Cyprus is such a beautiful
country; it's such a shame that it is torn apart by the ludicrous division
following the war in 1974.
We will always have a soft spot in our hearts for Cyprus, as we honeymooned
here in 1991.
Over the past 30 years both Greece and Turkey have proved intransigent
in the extreme concerning the internationally unrecognised Peoples Republic
of Northern Cyrpus.
The EC has made the removal of this state a precondition of Turkey's entry
in to the EU, so the problem is at last receiving some attention. Hopefully
the island will soon be reunited.
Cyprus is an island of contrasts: from the warm sandy
beaches of the Southern coast to the cooler, rockier beaches of the North-East
corner, to the high, rocky mountains of the interior. From the laissez
faire, modern attitudes of the "tourist Cypriots" to the traditional,
black wearing village folk in the hills.
Recently, some terrible incidents have marred the usually
excellent Brit-Cypriot relations: in particular the murder of a Danish
tour guide by some squaddies a few years back.
The "Lager Lout" attitude of many young (and not so young) Brits
on holiday is entirely to our detriment: I dread to think what the Cypriots
in Ayia Napa think of us, and we probably deserve everything bad they
do think of us.
Cyprus is such a strategic island, situated right at
the Eastern end of the Med, that it has to remain studiously neutral in
it's international relations. So we have British Sovereign Areas like
Dhekalia as well as the PLO being in the phone book under "P".....
It's like the IRA having a telephone number in the Belfast telephone directory
I was told lurid tales of Mossad agents chasing PLO terrorists
around Larnaca Harbour, firing machine guns and commandeering boats like
something out of James Bond.
Nicosia is a big, modern city in Cyprus's central plain.
It has a modern ring road, an airport, traffic jams, buses..... and right
in the middle, looking like Berlin circa 1967, a line of barbed wire and
concrete running from East to West, cutting the city in half.
The Turkish sector looks abandoned: many of the houses still have 1974
wallpaper and posters visible from the viewing gallery on the Greek side.
Young Turkish soldiers manning machine guns eye tourists nervously from
the other side of a 50 yard strip of dead ground separating the combatants,
along a line drawn by, and maintained by, the UN since 1974.
Elsewhere on the island, approaches to the Green Line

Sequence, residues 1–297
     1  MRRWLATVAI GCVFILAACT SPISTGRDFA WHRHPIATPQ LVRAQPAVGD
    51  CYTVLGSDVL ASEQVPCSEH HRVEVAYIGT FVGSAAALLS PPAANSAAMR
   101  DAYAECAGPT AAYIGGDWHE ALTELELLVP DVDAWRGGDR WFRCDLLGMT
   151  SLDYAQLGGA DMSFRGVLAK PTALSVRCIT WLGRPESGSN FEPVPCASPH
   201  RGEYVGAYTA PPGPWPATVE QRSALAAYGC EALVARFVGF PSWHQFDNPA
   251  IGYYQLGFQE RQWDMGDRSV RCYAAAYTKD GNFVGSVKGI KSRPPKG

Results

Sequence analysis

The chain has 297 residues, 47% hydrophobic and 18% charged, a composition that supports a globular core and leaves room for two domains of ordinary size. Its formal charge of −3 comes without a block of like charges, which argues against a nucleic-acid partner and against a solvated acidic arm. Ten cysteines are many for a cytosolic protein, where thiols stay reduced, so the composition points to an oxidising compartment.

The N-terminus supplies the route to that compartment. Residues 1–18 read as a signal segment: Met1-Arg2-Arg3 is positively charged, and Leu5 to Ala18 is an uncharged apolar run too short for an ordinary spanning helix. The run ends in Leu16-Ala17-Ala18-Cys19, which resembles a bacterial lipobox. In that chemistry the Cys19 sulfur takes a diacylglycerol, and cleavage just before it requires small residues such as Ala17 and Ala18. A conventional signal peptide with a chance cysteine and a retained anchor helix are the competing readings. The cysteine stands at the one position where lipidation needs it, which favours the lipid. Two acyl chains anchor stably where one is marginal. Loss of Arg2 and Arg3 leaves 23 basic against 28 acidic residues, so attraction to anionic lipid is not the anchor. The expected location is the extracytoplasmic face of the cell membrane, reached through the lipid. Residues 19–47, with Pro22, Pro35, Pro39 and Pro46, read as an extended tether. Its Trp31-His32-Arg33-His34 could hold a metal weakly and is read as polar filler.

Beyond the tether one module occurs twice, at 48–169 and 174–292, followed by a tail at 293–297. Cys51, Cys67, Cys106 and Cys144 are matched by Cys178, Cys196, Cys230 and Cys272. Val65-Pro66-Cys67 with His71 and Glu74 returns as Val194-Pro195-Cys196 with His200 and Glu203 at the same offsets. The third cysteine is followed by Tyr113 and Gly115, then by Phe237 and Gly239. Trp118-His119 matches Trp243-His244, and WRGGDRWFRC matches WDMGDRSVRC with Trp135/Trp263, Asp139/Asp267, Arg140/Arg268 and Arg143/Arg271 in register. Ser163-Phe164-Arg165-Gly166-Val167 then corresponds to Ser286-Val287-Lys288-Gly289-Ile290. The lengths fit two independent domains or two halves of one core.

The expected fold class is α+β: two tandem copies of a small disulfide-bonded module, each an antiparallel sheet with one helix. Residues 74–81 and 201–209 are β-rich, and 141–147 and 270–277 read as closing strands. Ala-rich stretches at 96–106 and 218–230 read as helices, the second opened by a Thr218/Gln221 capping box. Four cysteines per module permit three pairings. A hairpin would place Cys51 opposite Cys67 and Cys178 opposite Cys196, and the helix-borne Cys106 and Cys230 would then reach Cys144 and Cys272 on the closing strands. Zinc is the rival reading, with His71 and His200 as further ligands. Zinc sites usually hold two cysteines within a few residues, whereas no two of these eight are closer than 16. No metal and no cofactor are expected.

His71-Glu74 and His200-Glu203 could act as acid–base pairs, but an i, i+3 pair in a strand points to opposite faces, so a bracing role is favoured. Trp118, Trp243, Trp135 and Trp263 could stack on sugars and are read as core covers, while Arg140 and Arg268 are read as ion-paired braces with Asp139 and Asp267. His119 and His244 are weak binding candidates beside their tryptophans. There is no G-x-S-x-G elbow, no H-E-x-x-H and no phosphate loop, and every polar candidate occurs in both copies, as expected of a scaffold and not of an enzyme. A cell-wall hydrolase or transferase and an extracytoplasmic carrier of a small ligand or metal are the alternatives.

are monitored by ethnically-indeterminate troops with binoculars in UN-labelled
Land Rovers. Why do the UN always drive Land Rovers? Do we give them away
for the advertising:"Land Rover 110, as used by the UN...."?
In remote areas of the island, usually unvisited by tourists,
lie ghost villages that once were full of Turkish people until 1974, when
the Greek Cypriots marched them all North in response to the division
of the island.
The maps in these areas lie desperately, trying to prevent you from accessing
But a compass, two maps, a 4-wheel drive and a good sense of direction
got us in and out without harm. Thanks, The Duke of Edinburgh for teaching
me how to navigate properly in those pre-GPS days...
The diving in Cyprus is good, driven by squaddies who
want something to do on their days off.
Unlike many holiday destinations PADI does not reign supreme, and many
shops display the BSAC sign instead. As a result, it has to be said that
the technical standard of diving is higher.
I love scuba diving: I learned with BSAC in the Fulham Pools 20 years
when stab. jackets were new-fangled and we learned with yellow ex-RAF
horse-collar inflatables that seemed determined to flip you over on to
your back all the time. I had a very pretty instructor called Christina
who looked good in a wetsuit and rebuffed my advances, but I digress....
I soon became aware that open water diving in the UK is a sport reserved
for masochists: the water is cold, the viz is dreadful and there is nothing
to see down there anyway unless you count a deliberately sunk Westland
Wessex in Stoney Cove. So having trained, I vowed only to dive in warm
places where there was something to see.
Being a BSAC diver abroad is an interesting experience: you turn up in
a group to dive and the instructor wants to see your logbooks. Everyone
gets out PADI logbooks, you get out your BSAC logbook. He starts explaining
to them how the kit goes together and how to put a wet suit on, meanwhile
they just pass you the kit and let you get on with it instead, because
they assume you know exactly what you're doing.
I've even been asked to help with the PADI guys.
Awesome: nice to get some respect occasionally......
We dived on an old ro-ro car ferry in Larnaca harbour,
amongst other places. It was fab, you could see the trucks on their sides
in the cargo hold. Loads of lovely fish, very colourful.
Right in the South East corner of the island, beyond
the suspension limits of normal hire cars and tourist patience, lies Cape
Right at the end of Cape Greco lies the most extraordinary sight: a British
Army listening post.
It consists, unlike the normal Daventry / Barford St John array of vertical
posts and guy wires, of what looks like a radiotelescope.
It's absolutely bloody huge, it's steerable, and it's
I'll bet you can hear Saddam Hussein fart on the loo through that.
This, of course, is why all the other bases are there: to tell the world
to keep off our listening post.
Rumour has it that there are some pictures of Cyprus
in the files that I may get around to putting in here at some point (provided
MI6 don't confiscate my listening post negatives first.....)